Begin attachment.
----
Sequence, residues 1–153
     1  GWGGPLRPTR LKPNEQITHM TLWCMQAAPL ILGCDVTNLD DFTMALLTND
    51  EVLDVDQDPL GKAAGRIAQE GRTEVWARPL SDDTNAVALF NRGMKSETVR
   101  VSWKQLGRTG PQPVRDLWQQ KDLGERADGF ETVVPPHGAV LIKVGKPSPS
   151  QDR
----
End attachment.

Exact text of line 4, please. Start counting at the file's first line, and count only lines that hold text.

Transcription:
   101  VSWKQLGRTG PQPVRDLWQQ KDLGERADGF ETVVPPHGAV LIKVGKPSPS